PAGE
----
Ancient Iranian religion

Ancient Iranian religion refers to the ancient beliefs and practices of the Iranian peoples before the rise of Zoroastrianism.

The Iranian peoples emerged as a separate branch of the Indo-Iranians in the 2nd-millennium BC, during which they came to dominate the Eurasian Steppe and the Iranian Plateau. Their religion is derived from Proto-Indo-Iranian religion, and therefore shares many similarities with Vedic religion. Although the Iranian peoples left few written or material evidence of their religious practices, their religion is possible to reconstruct from scant Iranian, Babylonian and Greek accounts, similarities with Vedic and other Indo-European religions, and material evidence. Their religion was polytheistic and the chief god of their pantheon was Ahura Mazda, who was recognized as the creator of the world. They had a three-tiered division of the cosmos into the earth, the atmosphere and the heaven above. Dualism was strongly emphasized and human nature was considered essentially good. The chief ritual of the ancient Iranians was the yazna, in which the deities were praised and the mind-altering drug hauma was consumed. This ritual was performed by a highly trained priestly class. Fire was worshiped as the deity Atar. Politician and religion under the Persian Empires was strongly connected.

Beginning in the early 10th-century BC, the ancient Iranian religion was gradually displaced by Zoroastrianism, which contains many essential aspects of its predecessor.


The sources on ancient Iranian religion, though limited, consist of textual and material sources. The textual sources are both Iranian and non-Iranian.

Iranian sources

The Bistun Inscription of Darius the Great is an important source on the ancient Iranian religion

An important Iranian source is the Avesta, which are Zoroastrian sacred scriptures made in the Avestan. This is considered the principal source of knowledge on ancient Iranian religions. It is a collection of several texts that seems to have been over a large span of time by a variety of authors. These texts have been subjected to editings and redactions throughout their development. It is now the only extant fragment of what remained in the 9th century AD of the Avesta compiled in the Sasanian Empire by Khosrow I (6th century). Summaries of its content reveal that it was a huge collection containing texts not only in Avestan, but also in Pahlavi, which was the language of Zoroastrianism in the Sasanian Empire. Though the existing Avesta is dated quite recently, it contains information that is considerably older. The Gathas ("Songs") of the Prophet Zoroaster and much of the Yashts are considered among the oldest. The Gathas includes expressions of the religious vision of Zoroaster, which in many ways is a reinterpretation of the ancient Iranian religious principles. The Yashts are a collection of verses dedicated to various deities. These verses are mostly related to Zoroastrian terminology and ideas, but have little relation to anything specifically Zoroastrian. The gods invoked are basically the pre-Zoroastrian gods of the Iranian peoples. There is little agreement on when Zoroaster lived, but most scholars agree that he lived somewhere between 1200 and 600 BC. Dating the Yashts is similarly difficult, but it is likely that they were redacted (not necessarily composed) initially in the 5th-century BC.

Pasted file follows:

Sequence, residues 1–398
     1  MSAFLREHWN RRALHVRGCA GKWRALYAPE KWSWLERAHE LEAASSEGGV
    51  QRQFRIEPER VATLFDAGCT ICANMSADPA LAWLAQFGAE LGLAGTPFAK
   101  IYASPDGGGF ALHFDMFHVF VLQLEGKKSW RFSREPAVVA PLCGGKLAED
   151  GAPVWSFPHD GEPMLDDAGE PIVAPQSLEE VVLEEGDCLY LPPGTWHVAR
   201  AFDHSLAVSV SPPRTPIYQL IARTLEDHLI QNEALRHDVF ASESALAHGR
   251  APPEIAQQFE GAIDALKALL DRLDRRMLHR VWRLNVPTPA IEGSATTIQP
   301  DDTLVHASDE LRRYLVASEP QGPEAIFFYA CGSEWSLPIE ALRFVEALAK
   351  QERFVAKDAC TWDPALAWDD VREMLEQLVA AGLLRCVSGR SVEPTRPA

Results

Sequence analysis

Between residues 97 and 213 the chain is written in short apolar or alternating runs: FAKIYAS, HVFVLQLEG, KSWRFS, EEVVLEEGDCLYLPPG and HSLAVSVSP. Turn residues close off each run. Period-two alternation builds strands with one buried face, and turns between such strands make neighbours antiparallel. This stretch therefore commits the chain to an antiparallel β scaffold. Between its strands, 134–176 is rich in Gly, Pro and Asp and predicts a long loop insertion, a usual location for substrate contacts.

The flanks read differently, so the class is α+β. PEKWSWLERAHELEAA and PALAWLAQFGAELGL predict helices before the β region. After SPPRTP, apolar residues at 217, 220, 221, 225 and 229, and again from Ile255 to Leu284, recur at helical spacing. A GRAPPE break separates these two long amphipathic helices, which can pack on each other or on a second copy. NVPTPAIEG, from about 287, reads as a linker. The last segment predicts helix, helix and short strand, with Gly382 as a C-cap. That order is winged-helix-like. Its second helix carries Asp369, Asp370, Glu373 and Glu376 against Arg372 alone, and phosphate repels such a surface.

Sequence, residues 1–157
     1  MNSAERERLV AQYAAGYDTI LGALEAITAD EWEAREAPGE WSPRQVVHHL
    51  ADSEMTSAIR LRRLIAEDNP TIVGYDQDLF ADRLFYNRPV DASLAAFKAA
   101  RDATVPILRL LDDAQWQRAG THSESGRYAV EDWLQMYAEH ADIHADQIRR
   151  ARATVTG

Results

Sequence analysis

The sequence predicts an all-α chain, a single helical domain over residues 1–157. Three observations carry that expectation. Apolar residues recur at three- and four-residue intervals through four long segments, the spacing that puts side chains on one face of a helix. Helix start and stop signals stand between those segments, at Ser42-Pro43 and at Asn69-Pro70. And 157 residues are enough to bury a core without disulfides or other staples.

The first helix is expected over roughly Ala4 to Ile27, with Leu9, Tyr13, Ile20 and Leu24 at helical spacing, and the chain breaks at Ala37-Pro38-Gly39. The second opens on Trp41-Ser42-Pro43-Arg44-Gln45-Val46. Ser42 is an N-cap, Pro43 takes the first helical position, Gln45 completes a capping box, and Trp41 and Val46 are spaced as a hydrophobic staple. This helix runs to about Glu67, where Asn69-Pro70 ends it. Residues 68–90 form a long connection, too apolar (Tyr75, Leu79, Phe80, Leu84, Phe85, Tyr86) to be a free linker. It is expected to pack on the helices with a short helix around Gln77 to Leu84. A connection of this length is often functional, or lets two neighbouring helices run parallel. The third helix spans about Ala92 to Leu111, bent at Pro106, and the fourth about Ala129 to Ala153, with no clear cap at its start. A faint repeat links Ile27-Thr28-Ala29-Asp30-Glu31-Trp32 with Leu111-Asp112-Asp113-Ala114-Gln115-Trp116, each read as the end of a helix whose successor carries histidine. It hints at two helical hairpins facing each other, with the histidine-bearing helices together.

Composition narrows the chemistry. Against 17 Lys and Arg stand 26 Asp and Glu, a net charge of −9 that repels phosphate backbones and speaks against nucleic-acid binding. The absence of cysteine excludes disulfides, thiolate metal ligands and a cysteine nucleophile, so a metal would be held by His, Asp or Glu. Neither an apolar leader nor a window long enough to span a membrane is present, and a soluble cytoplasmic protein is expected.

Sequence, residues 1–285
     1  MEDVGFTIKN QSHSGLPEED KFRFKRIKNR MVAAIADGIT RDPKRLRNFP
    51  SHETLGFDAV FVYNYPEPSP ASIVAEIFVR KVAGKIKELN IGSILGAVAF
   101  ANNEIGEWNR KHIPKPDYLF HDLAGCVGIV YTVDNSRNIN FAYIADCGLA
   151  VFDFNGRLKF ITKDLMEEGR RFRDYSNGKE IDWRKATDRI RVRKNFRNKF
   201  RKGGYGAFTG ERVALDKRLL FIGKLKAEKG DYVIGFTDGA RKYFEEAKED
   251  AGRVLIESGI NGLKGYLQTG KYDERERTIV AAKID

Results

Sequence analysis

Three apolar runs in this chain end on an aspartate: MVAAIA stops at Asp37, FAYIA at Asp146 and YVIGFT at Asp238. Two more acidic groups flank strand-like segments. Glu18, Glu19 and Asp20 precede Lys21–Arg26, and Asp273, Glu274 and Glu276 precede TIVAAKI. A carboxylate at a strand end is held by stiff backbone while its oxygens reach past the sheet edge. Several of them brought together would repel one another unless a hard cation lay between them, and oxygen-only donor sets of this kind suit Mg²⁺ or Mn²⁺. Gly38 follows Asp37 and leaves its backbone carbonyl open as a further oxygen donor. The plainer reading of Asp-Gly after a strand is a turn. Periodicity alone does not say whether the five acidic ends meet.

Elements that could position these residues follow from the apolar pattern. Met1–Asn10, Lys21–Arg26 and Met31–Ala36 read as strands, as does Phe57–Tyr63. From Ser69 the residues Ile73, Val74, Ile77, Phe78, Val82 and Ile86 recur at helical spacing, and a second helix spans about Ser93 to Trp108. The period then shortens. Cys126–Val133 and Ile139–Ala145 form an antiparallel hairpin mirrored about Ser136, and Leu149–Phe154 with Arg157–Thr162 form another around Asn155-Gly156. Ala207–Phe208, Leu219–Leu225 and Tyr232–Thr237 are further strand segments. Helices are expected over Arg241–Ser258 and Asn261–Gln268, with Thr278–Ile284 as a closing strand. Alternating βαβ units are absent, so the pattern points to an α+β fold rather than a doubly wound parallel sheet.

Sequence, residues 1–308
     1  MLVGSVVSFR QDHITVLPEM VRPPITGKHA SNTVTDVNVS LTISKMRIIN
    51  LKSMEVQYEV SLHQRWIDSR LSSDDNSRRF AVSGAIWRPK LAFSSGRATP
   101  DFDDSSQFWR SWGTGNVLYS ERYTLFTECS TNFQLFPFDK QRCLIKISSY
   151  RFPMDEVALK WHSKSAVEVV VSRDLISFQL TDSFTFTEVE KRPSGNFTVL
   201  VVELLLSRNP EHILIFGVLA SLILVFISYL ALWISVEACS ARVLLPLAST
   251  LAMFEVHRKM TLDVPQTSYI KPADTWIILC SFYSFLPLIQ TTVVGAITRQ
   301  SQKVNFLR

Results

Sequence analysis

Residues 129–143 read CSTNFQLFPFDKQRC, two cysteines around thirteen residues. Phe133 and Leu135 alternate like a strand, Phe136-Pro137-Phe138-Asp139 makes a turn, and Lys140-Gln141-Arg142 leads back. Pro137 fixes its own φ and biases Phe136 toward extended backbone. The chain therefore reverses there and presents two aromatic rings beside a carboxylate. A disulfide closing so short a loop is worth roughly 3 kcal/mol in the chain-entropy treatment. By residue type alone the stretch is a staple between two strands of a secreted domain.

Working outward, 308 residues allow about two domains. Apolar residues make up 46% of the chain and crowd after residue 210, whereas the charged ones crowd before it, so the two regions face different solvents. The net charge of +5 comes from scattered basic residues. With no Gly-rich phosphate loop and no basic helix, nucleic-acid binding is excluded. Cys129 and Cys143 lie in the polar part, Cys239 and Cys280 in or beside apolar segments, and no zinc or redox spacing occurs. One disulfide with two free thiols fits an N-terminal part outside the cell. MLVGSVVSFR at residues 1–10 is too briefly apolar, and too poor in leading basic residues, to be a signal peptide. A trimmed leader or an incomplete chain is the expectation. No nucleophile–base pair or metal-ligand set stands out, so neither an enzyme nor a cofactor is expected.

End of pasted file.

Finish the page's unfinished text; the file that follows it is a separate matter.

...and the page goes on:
The 5th-century BC Greek historian Herodotus is an important source on ancient Iranian religion

Another Iranian source are royal inscriptions of the Achaemenid Empire made in the Old Persian (with Akkadian, Aramaic and Elamite translations). These inscriptions, in particular those of Darius I and his son Xerxes I, contain many references to religion. The fact that these are fixed in time and place make them particularly useful.

Except from the Achaemenid inscriptions, there is no evidence that the Iranian religious compositions were written until the late Parthian or Sassanid period. This makes ancient Iranian religion the only major religion of the Middle East which has no written texts in the ancient period. The religious information was rather oral both in composition and transmission.

Non-Iranian sources

The non-Iranian sources are mainly Greek. The most important Greek source is Herodotus. Some of the Greek information on ancient Iranian religion is however unreliable. This is either because it is based on outright wrong information or based on misunderstandings.

The historical reconstruction of ancient Vedic literature is also an important source. The earliest religious texts of the related Indo-Aryan peoples are indispensable for reconstructing the historical development of the ancient Iranian religion. The most important of these texts in this regard is the Rigveda. It is composed of more than 1,000 hymns dedicated to various deities. The Rigveda can be dated to the period between 1700 and 1100 BC.

Material sources

Material sources are rather limited and mostly confined to western Iran. The remains of Achaemenid architecture are the most important of these material sources. They provide a mass of evidence of imperial articulation of religious symbols and indicate a significant dependence on Middle Eastern precedents.

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